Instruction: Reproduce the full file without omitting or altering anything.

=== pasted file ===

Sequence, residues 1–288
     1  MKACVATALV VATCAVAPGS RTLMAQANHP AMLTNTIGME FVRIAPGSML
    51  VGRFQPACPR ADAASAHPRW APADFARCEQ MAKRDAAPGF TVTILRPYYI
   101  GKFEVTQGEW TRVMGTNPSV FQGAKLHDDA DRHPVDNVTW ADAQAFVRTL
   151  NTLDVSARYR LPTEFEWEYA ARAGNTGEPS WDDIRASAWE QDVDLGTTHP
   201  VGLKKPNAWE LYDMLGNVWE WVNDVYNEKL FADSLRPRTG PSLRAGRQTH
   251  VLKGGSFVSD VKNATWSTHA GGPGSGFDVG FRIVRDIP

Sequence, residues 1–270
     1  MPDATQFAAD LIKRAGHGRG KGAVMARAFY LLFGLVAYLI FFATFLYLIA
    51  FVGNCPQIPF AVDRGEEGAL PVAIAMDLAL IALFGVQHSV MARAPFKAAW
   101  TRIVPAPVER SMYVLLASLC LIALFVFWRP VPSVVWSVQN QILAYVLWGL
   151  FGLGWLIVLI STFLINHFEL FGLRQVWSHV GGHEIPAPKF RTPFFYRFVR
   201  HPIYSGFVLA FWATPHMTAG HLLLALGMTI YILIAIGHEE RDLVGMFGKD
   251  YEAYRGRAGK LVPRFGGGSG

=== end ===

Sequence, residues 1–288
     1  MKACVATALV VATCAVAPGS RTLMAQANHP AMLTNTIGME FVRIAPGSML
    51  VGRFQPACPR ADAASAHPRW APADFARCEQ MAKRDAAPGF TVTILRPYYI
   101  GKFEVTQGEW TRVMGTNPSV FQGAKLHDDA DRHPVDNVTW ADAQAFVRTL
   151  NTLDVSARYR LPTEFEWEYA ARAGNTGEPS WDDIRASAWE QDVDLGTTHP
   201  VGLKKPNAWE LYDMLGNVWE WVNDVYNEKL FADSLRPRTG PSLRAGRQTH
   251  VLKGGSFVSD VKNATWSTHA GGPGSGFDVG FRIVRDIP

Sequence, residues 1–270
     1  MPDATQFAAD LIKRAGHGRG KGAVMARAFY LLFGLVAYLI FFATFLYLIA
    51  FVGNCPQIPF AVDRGEEGAL PVAIAMDLAL IALFGVQHSV MARAPFKAAW
   101  TRIVPAPVER SMYVLLASLC LIALFVFWRP VPSVVWSVQN QILAYVLWGL
   151  FGLGWLIVLI STFLINHFEL FGLRQVWSHV GGHEIPAPKF RTPFFYRFVR
   201  HPIYSGFVLA FWATPHMTAG HLLLALGMTI YILIAIGHEE RDLVGMFGKD
   251  YEAYRGRAGK LVPRFGGGSG